Identity is crucial, but it isn't protected as such.
Identity is critical to the security of our online and offline activities, yet it’s too easily stolen.
The Hudson’s Bay breach, which compromised the financial information of 5 million customers at Saks Fifth Avenue and Lord & Taylor, is just one of many prominent examples of this. This significant incident for consumers and businesses is just one of many recent watershed moments for privacy, security and our way of life. It is clear that companies entrusted with handling individuals’ identity information are struggling to dedicate the resources and attention needed to protect it.
With the past year’s record-breaking wave of breaches, it is now safe to believe that most Americans have had their personal identity information exposed—and analysis of the Hudson Bay breach has confirmed this knowledge is now being traded in dark markets. The long-term ramifications are going to have an impact on every public and private sector organization that utilizes our identity to conduct business and to provide access to critical systems, which will create disruption in our day-to-day activities and even to our way of life.
Because business and government institutions that handle personal information are vital to our society, it’s time to designate "identity" as a new segment in the nation's critical infrastructure, a set of 16 sectors the Homeland Security Department deems essential to the nation’s well-being.
Everything we do online and off is dependent on identity, from making purchases and filing taxes to logging into corporate and government networks. Historically, we presented a birth certificate or driver's license to verify who we are for offline activities such as cashing a check or enrolling in school. With the advent of the internet came passwords, tokens and, now, mobile biometrics.
None of these systems are perfect; who didn’t know at least one student in college with a fake ID? In the past, the damage that could be wrought by falsifying identity was limited in size. In the digital age, the stakes are massively higher. Criminals buy and sell databases containing information about billions of people and then use it to commit crime on a mass scale.
What can be done?
The entire identity chain must be strengthened to prevent these criminal activities. Birth certificates, which can be used to open bank accounts, are still administered by hospitals that are ill-equipped to manage security. Our government devotes huge resources to ensuring that currency can’t be counterfeited, yet it pays scant attention to documents that can be used to obtain multiple forms of ID. Every physical document we use to prove our identity should be made far harder to duplicate.
We can then move onto our digital systems. Researchers have long warned that passwords are ineffective due to reuse and brute force attacks. We supplement this system using “facts” like the name of a first pet, but in the age of social media, these are easily discoverable online. Social Security numbers are another popular identifier, but their value has been greatly diminished because so many companies ask for and store them. We should treat these with no more authority than email addresses.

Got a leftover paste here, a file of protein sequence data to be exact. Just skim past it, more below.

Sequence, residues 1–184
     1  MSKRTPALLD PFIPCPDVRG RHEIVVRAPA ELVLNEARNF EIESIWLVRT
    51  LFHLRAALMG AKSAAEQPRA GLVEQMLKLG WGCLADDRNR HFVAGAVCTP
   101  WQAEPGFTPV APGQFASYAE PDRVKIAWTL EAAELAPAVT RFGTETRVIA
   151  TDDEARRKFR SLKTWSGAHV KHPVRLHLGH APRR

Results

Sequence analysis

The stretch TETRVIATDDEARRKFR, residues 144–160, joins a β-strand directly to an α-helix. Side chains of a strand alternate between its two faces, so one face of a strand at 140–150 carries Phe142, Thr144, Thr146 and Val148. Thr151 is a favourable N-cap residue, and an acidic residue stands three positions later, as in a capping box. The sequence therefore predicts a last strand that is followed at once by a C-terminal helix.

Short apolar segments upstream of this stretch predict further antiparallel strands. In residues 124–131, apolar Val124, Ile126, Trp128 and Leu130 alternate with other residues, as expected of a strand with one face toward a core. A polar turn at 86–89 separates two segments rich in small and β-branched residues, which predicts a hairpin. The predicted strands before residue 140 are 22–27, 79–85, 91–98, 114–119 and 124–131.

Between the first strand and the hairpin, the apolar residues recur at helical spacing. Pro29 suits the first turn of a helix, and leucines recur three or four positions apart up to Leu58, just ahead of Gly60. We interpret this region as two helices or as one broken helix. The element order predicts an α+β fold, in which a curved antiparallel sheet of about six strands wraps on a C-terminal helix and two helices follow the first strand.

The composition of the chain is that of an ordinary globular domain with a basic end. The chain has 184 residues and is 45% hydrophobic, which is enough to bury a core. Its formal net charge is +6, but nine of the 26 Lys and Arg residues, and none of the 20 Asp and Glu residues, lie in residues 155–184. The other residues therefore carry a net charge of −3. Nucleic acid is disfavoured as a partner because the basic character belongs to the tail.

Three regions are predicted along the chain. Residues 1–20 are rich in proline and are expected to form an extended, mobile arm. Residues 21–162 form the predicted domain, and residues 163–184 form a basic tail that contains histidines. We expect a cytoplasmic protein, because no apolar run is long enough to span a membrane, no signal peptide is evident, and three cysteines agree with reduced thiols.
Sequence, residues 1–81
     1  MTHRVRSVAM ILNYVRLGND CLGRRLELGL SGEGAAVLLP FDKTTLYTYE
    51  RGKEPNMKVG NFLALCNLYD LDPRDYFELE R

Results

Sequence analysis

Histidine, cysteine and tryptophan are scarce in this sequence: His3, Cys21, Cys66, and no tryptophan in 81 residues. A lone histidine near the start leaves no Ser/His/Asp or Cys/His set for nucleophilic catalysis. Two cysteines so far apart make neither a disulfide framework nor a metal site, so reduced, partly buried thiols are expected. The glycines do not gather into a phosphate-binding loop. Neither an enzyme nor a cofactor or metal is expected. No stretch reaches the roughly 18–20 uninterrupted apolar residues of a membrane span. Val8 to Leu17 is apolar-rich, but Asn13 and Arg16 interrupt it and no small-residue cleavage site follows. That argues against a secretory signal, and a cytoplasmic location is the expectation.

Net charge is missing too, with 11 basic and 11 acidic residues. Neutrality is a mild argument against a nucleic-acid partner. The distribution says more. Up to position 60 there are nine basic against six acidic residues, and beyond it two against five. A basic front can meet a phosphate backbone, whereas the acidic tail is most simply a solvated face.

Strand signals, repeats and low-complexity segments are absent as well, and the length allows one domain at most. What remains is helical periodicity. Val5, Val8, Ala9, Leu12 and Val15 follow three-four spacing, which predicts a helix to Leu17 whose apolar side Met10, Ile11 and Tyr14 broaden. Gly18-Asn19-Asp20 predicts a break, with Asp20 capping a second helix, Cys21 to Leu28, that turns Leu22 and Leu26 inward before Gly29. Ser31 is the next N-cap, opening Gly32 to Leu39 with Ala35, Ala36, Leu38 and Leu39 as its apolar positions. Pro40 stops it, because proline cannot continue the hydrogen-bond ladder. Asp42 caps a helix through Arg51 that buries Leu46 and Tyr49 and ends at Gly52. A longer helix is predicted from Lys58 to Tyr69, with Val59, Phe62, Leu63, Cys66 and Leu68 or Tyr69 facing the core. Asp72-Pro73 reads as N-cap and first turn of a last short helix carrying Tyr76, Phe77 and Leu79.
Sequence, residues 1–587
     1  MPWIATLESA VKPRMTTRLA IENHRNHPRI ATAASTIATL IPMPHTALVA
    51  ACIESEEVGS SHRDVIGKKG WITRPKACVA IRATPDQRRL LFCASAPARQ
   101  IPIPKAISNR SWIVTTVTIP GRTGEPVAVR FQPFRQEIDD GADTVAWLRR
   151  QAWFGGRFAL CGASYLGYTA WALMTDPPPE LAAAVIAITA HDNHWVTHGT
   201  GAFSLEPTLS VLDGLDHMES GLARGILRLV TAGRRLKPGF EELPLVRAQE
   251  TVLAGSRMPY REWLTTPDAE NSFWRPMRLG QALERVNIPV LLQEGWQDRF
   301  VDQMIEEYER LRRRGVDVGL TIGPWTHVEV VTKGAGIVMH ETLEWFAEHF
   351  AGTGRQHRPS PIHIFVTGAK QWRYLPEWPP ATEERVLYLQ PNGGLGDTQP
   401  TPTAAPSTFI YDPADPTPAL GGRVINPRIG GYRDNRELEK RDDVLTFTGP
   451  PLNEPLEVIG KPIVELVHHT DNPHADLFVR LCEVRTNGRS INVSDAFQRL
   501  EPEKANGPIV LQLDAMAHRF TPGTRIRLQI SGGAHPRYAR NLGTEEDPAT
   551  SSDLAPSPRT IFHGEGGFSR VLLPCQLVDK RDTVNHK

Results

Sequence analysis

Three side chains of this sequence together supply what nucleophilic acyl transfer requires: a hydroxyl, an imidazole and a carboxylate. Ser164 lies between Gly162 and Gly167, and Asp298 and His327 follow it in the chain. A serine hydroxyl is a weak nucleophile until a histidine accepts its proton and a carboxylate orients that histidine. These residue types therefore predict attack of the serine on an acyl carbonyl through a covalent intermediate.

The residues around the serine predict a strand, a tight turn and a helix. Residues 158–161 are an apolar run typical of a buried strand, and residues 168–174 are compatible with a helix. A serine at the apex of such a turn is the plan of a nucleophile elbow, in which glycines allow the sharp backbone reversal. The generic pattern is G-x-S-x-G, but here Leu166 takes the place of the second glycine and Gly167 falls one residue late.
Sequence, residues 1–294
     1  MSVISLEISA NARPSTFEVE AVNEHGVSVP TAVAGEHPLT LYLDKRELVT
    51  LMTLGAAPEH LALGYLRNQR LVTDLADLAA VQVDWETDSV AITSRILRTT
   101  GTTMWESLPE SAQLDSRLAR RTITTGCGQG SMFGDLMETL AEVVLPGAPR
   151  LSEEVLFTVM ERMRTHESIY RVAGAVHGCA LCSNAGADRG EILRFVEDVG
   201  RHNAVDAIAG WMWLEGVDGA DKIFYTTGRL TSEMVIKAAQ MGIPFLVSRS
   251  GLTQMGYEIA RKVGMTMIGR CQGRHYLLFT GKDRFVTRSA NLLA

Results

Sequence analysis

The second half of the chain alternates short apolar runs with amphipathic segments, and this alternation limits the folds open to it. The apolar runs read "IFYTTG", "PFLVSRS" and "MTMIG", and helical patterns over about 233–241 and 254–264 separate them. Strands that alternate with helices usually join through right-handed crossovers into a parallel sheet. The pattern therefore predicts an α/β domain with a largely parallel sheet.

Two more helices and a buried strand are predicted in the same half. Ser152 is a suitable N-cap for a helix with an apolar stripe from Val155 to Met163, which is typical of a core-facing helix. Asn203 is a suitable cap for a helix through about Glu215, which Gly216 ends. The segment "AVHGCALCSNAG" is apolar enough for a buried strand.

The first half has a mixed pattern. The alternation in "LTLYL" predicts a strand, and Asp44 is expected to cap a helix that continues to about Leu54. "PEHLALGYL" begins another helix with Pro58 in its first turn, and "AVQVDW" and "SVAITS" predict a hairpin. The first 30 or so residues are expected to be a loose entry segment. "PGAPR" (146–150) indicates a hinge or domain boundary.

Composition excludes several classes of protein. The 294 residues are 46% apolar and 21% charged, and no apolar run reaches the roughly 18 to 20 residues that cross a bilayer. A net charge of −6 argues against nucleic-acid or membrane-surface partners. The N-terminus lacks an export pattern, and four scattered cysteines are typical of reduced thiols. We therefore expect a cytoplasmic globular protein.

Homeland Security came up with its critical infrastructure list to protect those systems considered so valuable that our society can’t function properly without them. As stated earlier and proven by example—identity now belongs on this list; it’s no longer an option, but a necessity.
Besides being critical to nearly all commercial activity, identity is inexorably linked to other parts of the critical infrastructure. Consider a worker who signs into their computer at a nuclear power plant, or applies for a security pass at a military facility. The security of all these systems depends on being able to identify an individual with certainty. Without certainty, identity is the weak link across our entire infrastructure.
Such a move would not be unprecedented. Just this year, amid evidence of Russian-sponsored election meddling, Homeland Security designated election systems as critical infrastructure. Doing the same for identity would create the means and incentive to shore up this vital area. For starters, entities that play a key role in managing identity—including hospitals and credit reporting agencies like Equifax—would come under government oversight and be encouraged to work together to find solutions and share threat data. They would also be eligible for technical support, services and possibly even grants that could further strengthen defenses. Most importantly, designating identity as critical infrastructure would provide it with the focus that it so obviously deserves.
In the 1960s, when ARPANET was created, the internet’s predecessor, no one envisioned the magnitude of what they were building. Because ARPANET communications were between trusted parties, there was no need for a strong authentication system. As a result, the industry has been trying to bolt on security as an afterthought ever since.
The federal government funded the initial research that led to ARPANET. Along with industry and the global technology community, it should now take steps to make the system more secure and reliable for the billions of people and companies that rely on it every day.
Andre Durand is the CEO of Ping Identity.